Star Trek style ‘tractor beam’ built by scientists; Will it be able to tow a spaceship?


By Max Sonnenberg, The Space Reporter | January 27, 2013

Star Trek style ‘tractor beam’ built by scientists; Will it be able to tow a spaceship?

Scientists create Star Trek style ‘tractor beam.’

In the “Star Trek” series, the crew of the U.S.S. Enterprise sometimes had to tow another spaceship. To pull of this amazing feat, the Enterprise turned to a “tractor beam,” which used a beam of light to attract objects.

Now, a team of scientists from the University of St Andrews and the Institute of Scientific Instruments in the Czech Republic have developed a real-life tractor beam. Scientists note that although light manipulation techniques have been around since the 1970s, this study marks the first time that a light beam has been used to pull objects towards the light source, even if it is being accomplished at a microscopic level.

Scientists have discovered a way to create a special optical field that efficiently reverses radiation pressure of light, according to a news release from the University of St Andrews. Scientists posit that this new technique could lead to more efficient medical testing, such as in the analysis of blood samples.

“Because of the similarities between optical and acoustic particle manipulation we anticipate that this concept will provide inspiration for exciting future studies in areas outside the field of photonics,” said Dr Tomas Cizmar, Research Fellow in the School of Medicine at the University of St Andrews, in a statement.

The research team found a technique which will give them the ability to provide “negative” force acting upon microscopic particles. Usually when matter and light interact the solid object is pushed by the light and transported away in the stream of photons. According to scientists, this radiation force was first recognized by Johanes Kepler when seeing the tails of comets point away from the Sun.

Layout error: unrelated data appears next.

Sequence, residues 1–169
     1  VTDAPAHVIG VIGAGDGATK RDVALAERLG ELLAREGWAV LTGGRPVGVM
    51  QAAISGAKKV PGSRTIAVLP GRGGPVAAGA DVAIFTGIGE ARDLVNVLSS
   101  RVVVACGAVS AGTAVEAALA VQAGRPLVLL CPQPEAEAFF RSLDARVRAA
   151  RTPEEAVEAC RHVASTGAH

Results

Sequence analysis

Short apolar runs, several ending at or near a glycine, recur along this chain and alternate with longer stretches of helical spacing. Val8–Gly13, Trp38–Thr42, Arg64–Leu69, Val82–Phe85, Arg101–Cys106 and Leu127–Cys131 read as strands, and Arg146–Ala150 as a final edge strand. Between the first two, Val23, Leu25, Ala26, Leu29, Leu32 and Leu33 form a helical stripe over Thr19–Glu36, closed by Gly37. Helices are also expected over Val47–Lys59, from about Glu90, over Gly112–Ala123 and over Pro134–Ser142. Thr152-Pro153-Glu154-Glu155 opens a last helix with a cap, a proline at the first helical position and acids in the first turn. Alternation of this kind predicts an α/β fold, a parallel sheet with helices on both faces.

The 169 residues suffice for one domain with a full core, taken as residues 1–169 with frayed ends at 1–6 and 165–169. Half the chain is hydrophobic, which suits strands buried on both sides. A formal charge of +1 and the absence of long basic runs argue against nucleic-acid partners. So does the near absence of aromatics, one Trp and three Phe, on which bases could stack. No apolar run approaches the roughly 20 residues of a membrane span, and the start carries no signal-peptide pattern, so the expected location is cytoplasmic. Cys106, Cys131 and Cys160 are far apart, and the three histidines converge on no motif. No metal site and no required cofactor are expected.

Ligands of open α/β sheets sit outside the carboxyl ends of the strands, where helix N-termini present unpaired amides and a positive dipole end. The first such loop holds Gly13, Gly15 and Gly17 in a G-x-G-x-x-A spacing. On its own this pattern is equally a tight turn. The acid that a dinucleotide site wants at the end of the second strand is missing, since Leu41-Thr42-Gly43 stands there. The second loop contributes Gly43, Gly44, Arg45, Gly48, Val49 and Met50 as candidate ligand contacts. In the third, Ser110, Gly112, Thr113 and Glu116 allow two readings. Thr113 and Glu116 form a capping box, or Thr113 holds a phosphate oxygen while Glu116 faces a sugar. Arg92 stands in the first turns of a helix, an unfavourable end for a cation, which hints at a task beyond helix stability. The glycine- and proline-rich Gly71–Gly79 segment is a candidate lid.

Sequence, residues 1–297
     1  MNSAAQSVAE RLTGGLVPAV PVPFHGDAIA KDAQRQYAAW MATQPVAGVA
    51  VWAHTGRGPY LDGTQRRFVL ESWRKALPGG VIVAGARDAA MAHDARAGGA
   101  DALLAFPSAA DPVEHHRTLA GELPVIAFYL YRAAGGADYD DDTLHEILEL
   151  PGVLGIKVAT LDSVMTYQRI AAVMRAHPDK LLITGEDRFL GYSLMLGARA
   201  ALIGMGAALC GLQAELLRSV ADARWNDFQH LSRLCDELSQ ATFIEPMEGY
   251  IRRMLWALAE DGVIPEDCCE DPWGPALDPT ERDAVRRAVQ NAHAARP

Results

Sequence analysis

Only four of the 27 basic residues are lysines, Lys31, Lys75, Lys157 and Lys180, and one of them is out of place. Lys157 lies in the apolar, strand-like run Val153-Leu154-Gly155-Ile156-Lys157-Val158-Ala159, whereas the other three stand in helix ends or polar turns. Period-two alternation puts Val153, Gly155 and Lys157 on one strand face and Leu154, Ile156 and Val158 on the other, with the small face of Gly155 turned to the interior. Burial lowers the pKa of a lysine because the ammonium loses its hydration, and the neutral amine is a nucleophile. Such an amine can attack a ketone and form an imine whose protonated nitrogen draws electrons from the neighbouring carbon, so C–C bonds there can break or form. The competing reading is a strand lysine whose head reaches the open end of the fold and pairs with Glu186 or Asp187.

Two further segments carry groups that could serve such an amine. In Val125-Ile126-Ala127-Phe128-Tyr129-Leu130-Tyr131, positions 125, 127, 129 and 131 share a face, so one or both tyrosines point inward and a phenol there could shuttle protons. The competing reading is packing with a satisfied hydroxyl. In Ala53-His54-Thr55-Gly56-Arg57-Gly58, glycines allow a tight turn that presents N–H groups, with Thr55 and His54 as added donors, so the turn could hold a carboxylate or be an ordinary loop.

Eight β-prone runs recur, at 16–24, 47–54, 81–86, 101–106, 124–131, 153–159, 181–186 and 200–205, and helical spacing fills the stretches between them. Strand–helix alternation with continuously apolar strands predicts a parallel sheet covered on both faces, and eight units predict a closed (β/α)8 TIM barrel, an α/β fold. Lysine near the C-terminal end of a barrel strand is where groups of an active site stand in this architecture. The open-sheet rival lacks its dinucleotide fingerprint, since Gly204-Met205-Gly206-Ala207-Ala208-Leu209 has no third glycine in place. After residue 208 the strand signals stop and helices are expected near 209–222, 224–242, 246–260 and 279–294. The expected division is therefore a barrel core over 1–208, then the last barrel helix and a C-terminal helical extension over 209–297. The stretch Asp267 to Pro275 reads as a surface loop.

In recent years, scientists realized that there is a space of parameters when this force reverses. Scientists demonstrated the first experimental evidence of this concept along with a number of other applications for bio-medical photonics.

Scientists note that the occurrence of negative force is extremely specific to the properties of the object, such as size and composition. This allows optical sorting of micro-objects in an inexpensive device. Scientists believe that optical fractionation is one of the most promising bio-medical applications of optical manipulation, giving them the ability to sort cells or macromolecules.

“These methods are opening new opportunities for fundamental phonics as well as applications for life-sciences,”  said Dr Oto Brzobohaty of the ISI.

Scientists discovered that in certain conditions, the objects held by the tractor beam force field, re-arranged themselves to from a structure which made the beam even stronger.

“The whole team have spent a number of years investigating various configurations of particles delivery by light,” said Professor Pavel Zemanek, also of the ISI. “I am proud our results were recognized in this very competitive environment and I am looking forward to new experiments and applications. It is a very exciting time.”

While it will be quite some time before NASA or any other space agency will be able to tow a spaceship using a tractor beam, Forbes notes that NASA is actively working to create tractor beams as a way for their rovers to collect samples.

Photo credit: Chris Devers.


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